Abigail Hauslohner and Justin Wm. Moyer, Washington Post, June 10, 2017
Anti-Muslim activists hoisted American flags and delivered fiery speeches in rallies across the country Saturday, facing off against crowds of counter-demonstrators in several cities and exposing the visceral rage that has come to define America’s political extremes.
ACT for America, a lobbyist organization with close ties to the Trump administration, organized nationwide marches to oppose Islamic law, which the group says is a threat to U.S. society.
At least two white supremacist groups also joined the rallies.
In New York, a dozen members of Identity Evropa, which seeks a whites-only state, came to support the ACT rally, wearing tucked-in dress shirts, sunglasses and slicked-down side-parts. In Harrisburg, Pa., a group that has claimed credit for white nationalist posters on college campuses, said they wanted Muslims out of the United States entirely.
“I don’t believe in having Muslims in the United States,” said Francisco Rivera, a spokesman for Vanguard America. “Their culture is incompatible with ours.”
Protesters on both sides blamed each other for the divisions on display Saturday, as anger surged through the crowds.
In New York, the cacophony from counter-demonstrators made it nearly impossible for them to hear their opponents’ speeches. But many seemed to have already made up their minds.
“They’re Nazis,” said Krish Bhatt, a Barnard College student who held a sign identifying themself [sic] as a trans Muslim.
Organized in part to memorialize the anniversary of the Pulse nightclub shooting in Orlando, the multi-city demonstrations aimed to raise awareness of what ACT sees as the negative effects of Muslim immigration to the United States.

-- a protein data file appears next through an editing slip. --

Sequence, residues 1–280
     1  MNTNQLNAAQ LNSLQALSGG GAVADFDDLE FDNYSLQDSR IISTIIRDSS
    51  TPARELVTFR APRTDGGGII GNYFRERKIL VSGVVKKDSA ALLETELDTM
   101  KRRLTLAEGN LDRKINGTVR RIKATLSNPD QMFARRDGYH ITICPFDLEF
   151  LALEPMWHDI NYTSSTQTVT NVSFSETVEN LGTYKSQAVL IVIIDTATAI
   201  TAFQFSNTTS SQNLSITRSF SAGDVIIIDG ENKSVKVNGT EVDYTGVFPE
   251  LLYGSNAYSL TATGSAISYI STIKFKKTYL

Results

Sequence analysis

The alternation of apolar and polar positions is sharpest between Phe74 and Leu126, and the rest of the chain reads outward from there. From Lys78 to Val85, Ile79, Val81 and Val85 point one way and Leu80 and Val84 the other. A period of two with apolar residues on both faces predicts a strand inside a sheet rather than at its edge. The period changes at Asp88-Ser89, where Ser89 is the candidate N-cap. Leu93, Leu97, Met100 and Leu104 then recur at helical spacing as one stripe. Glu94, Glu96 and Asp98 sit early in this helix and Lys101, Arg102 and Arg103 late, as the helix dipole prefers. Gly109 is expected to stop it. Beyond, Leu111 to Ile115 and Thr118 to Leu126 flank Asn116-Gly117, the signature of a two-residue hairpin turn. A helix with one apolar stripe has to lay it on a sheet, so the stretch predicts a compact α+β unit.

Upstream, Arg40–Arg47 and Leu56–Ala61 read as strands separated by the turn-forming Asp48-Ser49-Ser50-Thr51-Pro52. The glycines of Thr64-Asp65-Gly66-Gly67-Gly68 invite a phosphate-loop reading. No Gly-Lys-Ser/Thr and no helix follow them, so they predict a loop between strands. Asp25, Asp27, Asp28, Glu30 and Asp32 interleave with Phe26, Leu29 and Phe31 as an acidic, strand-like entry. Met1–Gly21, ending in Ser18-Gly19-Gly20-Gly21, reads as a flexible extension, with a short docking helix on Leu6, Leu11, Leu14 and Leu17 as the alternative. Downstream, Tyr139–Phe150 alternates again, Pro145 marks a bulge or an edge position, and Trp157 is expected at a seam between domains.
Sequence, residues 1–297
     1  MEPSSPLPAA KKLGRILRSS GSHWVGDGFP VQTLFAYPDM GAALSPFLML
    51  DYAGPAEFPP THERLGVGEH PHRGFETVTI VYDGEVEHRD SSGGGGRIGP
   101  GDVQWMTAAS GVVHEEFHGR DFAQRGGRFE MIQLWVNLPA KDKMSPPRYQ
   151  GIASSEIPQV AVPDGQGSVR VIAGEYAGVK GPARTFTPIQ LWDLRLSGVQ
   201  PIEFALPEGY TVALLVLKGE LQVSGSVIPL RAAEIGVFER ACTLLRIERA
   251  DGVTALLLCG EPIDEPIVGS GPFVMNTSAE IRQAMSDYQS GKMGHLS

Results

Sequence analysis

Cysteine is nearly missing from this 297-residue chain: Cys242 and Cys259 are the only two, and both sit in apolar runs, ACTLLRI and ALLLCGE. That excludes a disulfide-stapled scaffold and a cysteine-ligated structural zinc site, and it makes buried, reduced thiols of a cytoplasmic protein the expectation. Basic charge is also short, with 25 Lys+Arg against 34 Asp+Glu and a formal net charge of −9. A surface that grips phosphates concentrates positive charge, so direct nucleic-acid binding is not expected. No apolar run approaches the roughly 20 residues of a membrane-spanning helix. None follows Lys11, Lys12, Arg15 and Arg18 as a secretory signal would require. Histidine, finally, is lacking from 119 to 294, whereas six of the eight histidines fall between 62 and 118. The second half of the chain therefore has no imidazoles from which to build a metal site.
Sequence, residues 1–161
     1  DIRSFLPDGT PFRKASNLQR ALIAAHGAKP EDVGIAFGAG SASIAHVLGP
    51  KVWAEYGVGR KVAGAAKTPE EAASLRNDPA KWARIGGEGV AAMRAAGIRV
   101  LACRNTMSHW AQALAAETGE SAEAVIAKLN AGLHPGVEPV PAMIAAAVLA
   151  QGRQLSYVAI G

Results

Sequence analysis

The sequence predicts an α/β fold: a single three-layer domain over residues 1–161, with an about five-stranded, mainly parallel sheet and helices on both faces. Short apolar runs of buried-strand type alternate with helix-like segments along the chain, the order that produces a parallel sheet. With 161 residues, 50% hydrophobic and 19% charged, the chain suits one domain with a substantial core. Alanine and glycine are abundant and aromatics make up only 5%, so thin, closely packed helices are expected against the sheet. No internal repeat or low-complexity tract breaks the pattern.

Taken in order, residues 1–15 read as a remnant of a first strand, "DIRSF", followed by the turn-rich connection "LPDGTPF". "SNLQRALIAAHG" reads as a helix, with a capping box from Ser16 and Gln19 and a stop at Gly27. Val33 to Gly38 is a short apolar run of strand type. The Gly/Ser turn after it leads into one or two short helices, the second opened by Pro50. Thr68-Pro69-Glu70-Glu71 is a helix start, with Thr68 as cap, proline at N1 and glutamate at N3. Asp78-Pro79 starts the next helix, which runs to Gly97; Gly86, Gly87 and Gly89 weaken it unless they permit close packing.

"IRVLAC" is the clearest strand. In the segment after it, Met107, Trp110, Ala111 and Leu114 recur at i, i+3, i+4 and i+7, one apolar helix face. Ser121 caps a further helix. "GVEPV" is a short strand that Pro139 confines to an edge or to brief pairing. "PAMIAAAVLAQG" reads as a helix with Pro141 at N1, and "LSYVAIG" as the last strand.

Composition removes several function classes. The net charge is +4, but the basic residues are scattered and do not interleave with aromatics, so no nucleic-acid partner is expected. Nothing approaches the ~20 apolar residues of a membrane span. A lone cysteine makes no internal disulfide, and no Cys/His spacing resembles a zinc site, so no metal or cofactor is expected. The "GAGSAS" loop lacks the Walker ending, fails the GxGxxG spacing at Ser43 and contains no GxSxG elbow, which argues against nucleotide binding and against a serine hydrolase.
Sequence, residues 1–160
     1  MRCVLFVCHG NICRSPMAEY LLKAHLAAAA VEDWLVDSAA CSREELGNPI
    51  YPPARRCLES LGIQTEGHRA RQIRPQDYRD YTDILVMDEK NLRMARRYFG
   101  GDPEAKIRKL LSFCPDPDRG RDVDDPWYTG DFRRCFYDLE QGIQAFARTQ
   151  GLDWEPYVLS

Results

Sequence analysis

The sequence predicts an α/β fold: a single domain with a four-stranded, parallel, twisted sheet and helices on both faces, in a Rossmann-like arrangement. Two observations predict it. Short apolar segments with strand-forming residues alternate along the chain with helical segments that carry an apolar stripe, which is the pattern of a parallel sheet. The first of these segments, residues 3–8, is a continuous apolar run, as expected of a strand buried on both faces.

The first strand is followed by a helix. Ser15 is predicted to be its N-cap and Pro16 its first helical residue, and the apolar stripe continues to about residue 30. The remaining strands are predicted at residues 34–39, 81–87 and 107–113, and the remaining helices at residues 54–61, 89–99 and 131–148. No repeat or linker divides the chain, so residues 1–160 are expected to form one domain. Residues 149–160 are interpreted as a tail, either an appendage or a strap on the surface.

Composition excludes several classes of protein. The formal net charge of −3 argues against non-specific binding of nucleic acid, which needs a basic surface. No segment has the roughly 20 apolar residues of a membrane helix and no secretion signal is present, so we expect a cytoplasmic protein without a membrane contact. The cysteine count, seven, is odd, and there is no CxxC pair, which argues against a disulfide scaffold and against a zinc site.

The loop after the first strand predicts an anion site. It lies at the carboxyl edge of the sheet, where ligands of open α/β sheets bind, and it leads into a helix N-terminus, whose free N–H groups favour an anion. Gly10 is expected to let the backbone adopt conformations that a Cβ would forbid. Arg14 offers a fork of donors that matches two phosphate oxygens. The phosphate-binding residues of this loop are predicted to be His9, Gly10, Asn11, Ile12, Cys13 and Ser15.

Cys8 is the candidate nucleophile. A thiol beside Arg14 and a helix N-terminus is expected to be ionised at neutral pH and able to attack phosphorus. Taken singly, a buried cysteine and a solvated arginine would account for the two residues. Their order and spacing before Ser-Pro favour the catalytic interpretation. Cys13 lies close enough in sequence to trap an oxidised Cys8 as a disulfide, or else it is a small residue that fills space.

In rallies in San Bernardino, Calif., New York and Seattle, columns of police moved in multiple times to separate rival protest groups as they shouted expletives at each other. In New York, masked anarchists tried on multiple occasions to get past the police cordon into ACT for America’s rally, prompting one arrest, as ACT’s speakers blasted the counterprotest as violent “idiots,” “liars” and “Marxists,” from a stage adorned with the American flag.
ACT protesters in San Bernardino yelled profanities as they rushed a group of counterprotesters shortly before fists began to fly. That rally had a few hundred supporters in a city affected by a 2015 terrorist attack that left 14 dead. In Seattle, police arrested two people and used pepper spray to end a scuffle between opposing sides.
Earlier in the day, In front of the capitol building in Harrisburg, anti-fascist protesters — wearing all black and balaclavas — played drums and cowbells, chanting “no hate, no Nazis.” Separated by a police barricade, the anti-sharia protesters, some of whom were also masked and carried handguns, sang “America the Beautiful.”
“This is a march against sharia, not Muslims,” said Moore, of Washington County, Pa., who works in the oil and gas industry. “We are not affiliated with any extremist groups. . . . Sharia is a barbaric system that the Islamic State is trying to impose in our country.”
Timmy Wylie, a spokesman for East Shore Antifa, said the group showed up to shut down the anti-sharia march because they say it is a march against Muslims. He grew up in the Harrisburg area and said citizens should instead focus on the region’s struggling economy.
“There’s a lot of people without two nickels to scrape together, but we still take care of each other,” he said before the march.